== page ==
I am working on a problem from the book "Differential-Algebraic Equations: Analysis and Numerical Solution" by Kunkel, Mehrmann. It is the Exercise 3 from Page 53 concerning matrix pairs $(E,A)$ and the properties of a specific block of the blockmatrix A:

Given the matrix pair $$ (E,A)= \left( \begin{bmatrix}I_r&0\\\ 0&0\end{bmatrix},\begin{bmatrix}A_{11}&A_{21}\\\ A_{12}&A_{22}\end{bmatrix} \right) $$

where $E,A \in C^{m \times n}$ and $I_r$ is the identity matrix of dimension $r < \min (m,n)$ one have to proof that the given matrix pair is regular and of index one if and only if $A_{22}$ is a square block and nonsingular.

I have some ideas, but don´t know how to proceed from there. For the $ \Rightarrow $ direction I know, that from regularity of $(E,A)$ it follows:

  • $E,A$ must be square matrices
  • $(E,A)$ is equivalent to the canonical form $ \left( \begin{bmatrix}I&0\\\ 0&N\end{bmatrix},\begin{bmatrix}J&0\\\ 0&I\end{bmatrix} \right) $ , i.e. there are nonsingular Matrices $P,Q$ such that $PEQ = \begin{bmatrix}I&0\\\ 0&N\end{bmatrix}$ and $PAQ = \begin{bmatrix}J&0\\\ 0&I\end{bmatrix}$ where $J$ is a matrix in jordan normal form and $N$ is nilpotent in Jordan normal form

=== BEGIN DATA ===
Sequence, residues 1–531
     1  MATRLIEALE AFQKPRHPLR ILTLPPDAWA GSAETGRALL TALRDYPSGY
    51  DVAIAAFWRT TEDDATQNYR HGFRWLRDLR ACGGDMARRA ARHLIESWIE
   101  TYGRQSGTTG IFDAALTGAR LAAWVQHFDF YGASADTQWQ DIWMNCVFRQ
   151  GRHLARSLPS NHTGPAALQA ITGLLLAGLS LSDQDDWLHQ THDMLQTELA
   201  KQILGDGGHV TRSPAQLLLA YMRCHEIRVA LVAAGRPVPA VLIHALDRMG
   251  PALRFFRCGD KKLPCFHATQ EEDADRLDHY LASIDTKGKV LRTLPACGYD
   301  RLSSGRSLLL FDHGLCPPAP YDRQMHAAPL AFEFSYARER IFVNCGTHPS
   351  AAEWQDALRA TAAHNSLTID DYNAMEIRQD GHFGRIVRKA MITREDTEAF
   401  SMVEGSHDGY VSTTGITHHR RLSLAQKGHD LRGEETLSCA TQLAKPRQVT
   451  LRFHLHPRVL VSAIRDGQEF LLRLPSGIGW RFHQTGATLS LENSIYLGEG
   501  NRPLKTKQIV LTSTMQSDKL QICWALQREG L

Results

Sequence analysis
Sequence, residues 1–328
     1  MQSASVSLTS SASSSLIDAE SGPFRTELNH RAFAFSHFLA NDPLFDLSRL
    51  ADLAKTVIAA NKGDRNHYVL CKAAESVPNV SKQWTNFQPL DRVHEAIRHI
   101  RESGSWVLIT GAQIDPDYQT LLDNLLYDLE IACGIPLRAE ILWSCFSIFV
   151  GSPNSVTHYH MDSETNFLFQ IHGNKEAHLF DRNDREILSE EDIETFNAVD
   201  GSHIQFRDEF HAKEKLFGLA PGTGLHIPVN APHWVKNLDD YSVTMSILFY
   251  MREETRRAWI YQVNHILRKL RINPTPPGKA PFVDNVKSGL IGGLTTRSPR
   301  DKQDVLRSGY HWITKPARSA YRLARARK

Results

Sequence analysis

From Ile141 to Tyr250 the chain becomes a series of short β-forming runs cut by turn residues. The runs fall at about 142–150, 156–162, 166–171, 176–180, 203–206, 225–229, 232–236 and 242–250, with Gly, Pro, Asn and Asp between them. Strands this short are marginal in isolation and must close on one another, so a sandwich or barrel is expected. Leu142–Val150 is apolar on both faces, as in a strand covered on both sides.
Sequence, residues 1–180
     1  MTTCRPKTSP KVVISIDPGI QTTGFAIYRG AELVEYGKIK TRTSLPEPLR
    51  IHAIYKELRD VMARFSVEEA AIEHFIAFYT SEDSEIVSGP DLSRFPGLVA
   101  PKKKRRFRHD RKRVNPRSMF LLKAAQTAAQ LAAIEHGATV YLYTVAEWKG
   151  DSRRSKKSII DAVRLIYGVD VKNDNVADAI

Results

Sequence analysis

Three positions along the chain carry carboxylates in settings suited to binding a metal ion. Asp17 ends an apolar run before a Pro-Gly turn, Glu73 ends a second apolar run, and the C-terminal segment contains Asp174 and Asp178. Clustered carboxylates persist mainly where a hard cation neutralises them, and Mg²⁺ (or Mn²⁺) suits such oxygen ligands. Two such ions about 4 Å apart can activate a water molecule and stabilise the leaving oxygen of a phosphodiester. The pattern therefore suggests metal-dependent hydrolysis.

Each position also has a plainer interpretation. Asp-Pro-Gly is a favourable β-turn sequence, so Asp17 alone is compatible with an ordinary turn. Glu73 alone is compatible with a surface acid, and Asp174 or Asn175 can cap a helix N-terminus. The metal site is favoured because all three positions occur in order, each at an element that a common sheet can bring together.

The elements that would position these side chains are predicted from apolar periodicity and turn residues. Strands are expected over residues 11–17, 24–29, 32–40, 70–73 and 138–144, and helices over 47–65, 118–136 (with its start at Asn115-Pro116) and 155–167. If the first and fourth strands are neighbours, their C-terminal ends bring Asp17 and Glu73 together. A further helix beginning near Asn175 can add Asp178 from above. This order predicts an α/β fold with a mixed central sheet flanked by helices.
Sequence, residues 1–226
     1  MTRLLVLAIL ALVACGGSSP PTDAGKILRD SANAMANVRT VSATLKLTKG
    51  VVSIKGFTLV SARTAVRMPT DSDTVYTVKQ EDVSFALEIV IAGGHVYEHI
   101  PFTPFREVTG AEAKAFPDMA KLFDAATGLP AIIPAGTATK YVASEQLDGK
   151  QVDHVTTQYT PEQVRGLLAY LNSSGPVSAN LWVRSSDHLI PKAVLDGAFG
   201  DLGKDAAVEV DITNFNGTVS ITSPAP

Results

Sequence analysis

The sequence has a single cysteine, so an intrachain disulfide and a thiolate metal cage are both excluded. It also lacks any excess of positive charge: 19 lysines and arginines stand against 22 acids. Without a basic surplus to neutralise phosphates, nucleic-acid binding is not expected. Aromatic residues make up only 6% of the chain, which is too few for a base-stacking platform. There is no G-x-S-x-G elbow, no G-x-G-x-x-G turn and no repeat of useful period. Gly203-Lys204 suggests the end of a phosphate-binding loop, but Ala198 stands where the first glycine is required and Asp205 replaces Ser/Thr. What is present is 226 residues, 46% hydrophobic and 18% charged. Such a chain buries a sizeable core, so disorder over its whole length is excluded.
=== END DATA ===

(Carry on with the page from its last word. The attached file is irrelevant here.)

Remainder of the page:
• $p(s) = \det( sE-A )$ is not $0$ for every $s$

Also, because the index of $(E,A)$ is $\nu=1$ it is that $N^{0} \neq 0,\;N^{1}=0$ the nilpotent block should be of size $1\times1$ : $$N = [0]$$ since $N^0=[0]^0=1$ and $N^1=[0]$. But from here I dont know how to continue. Thank you in advance.

  • $\begingroup$ One has $\det (sE-A) = s^r \det(A_{22})$ plus lower order terms. $\endgroup$ – daw Nov 19 '19 at 10:51
  • $\begingroup$ Also $E$,A$ have to be square. $\endgroup$ – daw Nov 19 '19 at 10:52
  • $\begingroup$ Sorry, but could you clarify, which rule gets me $det(sE−A)=s^r det(A_{22}) + ...$ I have trouble calculating it, since $ A_{22}$ must not be the same size as the zero block in $E$. $\endgroup$ – bambuk Nov 20 '19 at 11:19
  • $\begingroup$ The exercise only makes sense if the sizes of the blocks of $E$ and $A$ are the same. $\endgroup$ – daw Nov 20 '19 at 12:34
  • $\begingroup$ i dont see why, could you explain? $\endgroup$ – bambuk Nov 21 '19 at 10:31

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